(Reuters) - U.S. stock index futures fell in the early hours of Tuesday on downbeat earnings forecasts from Apple supplier Skyworks and payments company PayPal (NASDAQ:PYPL), ahead of much-awaited inflation data later in the week.
At 5:26 a.m. ET, Dow e-minis were down 123 points, or 0.37%, S&P 500 e-minis were down 15.75 points, or 0.38%, and Nasdaq 100 e-minis were down 57.5 points, or 0.43%.
Chip gear maker Skyworks Solutions (NASDAQ:SWKS) Inc's shares tumbled 9.8% in premarket trading after projecting its current-quarter revenue and earnings short of estimates.
Investors were hopeful of Skyworks' earnings following Apple Inc (NASDAQ:AAPL)'s strong quarterly showing on Thursday, but global smartphone sales have been suffering from weak demand.
Shares of other Apple suppliers including Qualcomm (NASDAQ:QCOM) and Qorvo (NASDAQ:QRVO) fell 0.5% and 1.6%, respectively.
PayPal Holdings dropped 4.5% after a cut to its outlook for annual adjusted operating margin overshadowed its profit forecast raise.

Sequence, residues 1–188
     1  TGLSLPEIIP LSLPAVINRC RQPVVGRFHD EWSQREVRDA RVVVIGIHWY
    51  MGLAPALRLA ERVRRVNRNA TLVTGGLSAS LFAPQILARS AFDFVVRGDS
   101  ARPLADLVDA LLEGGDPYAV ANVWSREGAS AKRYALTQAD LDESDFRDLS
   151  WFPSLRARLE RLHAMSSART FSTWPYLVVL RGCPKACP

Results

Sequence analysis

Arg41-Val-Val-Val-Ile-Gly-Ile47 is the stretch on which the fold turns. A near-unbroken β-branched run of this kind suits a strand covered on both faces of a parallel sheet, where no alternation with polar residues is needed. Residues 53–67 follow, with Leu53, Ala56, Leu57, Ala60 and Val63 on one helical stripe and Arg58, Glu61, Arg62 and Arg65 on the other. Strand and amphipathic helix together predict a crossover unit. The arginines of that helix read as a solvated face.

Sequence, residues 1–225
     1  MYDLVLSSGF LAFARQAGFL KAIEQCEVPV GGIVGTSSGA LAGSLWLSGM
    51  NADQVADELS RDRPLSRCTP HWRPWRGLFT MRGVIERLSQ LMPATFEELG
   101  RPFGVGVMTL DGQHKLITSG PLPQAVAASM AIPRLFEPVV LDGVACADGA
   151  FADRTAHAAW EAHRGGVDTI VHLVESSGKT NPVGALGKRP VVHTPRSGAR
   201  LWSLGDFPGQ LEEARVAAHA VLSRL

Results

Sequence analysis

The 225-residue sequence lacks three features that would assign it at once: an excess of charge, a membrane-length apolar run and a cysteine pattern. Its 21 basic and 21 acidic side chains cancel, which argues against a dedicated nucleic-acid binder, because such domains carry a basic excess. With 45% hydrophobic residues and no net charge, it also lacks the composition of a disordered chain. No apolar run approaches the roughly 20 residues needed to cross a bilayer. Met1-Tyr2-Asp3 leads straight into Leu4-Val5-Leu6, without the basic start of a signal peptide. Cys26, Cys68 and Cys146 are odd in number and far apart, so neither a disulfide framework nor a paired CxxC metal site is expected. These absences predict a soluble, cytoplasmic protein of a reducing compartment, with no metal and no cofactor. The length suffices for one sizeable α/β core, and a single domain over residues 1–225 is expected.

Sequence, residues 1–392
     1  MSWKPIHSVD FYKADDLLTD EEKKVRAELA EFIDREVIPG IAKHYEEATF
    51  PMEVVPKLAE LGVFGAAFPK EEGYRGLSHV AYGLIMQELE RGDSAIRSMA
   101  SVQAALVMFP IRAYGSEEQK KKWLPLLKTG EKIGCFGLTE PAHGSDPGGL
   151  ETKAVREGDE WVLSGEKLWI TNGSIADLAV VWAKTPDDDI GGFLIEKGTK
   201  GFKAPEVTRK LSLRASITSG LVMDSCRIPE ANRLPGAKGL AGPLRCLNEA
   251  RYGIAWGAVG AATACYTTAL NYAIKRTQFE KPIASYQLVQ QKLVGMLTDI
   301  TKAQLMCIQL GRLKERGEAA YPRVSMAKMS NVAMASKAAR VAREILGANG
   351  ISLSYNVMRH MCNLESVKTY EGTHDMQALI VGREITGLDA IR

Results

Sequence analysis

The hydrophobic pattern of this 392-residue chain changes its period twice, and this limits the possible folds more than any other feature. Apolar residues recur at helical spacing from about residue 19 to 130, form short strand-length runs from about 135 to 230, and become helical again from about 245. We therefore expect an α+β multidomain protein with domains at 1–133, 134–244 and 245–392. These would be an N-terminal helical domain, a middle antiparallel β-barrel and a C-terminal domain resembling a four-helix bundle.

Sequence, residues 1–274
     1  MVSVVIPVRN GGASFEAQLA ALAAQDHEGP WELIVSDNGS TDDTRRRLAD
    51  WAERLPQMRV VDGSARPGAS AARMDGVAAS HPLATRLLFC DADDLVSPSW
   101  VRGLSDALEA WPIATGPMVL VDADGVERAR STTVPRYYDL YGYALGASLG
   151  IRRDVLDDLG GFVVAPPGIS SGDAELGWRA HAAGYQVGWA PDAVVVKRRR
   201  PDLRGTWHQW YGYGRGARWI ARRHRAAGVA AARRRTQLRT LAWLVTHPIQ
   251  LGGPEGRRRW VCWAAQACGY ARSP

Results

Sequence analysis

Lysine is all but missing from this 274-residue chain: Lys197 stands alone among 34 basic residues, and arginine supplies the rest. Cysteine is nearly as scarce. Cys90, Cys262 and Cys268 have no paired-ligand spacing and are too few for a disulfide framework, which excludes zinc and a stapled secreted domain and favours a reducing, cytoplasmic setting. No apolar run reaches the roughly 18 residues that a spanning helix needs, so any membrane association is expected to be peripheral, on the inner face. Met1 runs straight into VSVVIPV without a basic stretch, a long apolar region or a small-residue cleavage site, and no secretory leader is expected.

Apart from earnings reports, attention will be on inflation data on Wednesday, which is expected to show the Labor Department's consumer price index (CPI) likely climbed 0.4% in April after gaining 0.1% in March. Producer prices, weekly jobless claims and consumer sentiment data are all lined up for the week.
Such data points will be scrutinized by investors to gauge whether the Federal Reserve's aggressive tightening cycle - including its most recent 25 basis point increase to interest rates last week - is helping bring down inflation.
Markets also cautiously awaited an update on a debt ceiling meeting as U.S. President Joe Biden meets Republican House Speaker Kevin McCarthy and other congressional leaders at the White House.
The meeting at 4 p.m. EDT (2000 GMT) is not expected to produce a final agreement on raising the debt limit.
Regional bank stocks, which enjoyed a short-lived bounce before ending the previous session lower, extended their falls to another day. Shares of Pacwest Bancorp (NASDAQ:PACW) slid 11.7% and Western Alliance (NYSE:WAL) dropped 5.2%.
A Fed survey showed credit conditions for U.S. business and households continued tightening in the first months of the year, but the results seemed to mark the accumulating impact of monetary tightening rather than the cliff-like decline in credit some feared after the March collapse of Silicon Valley Bank.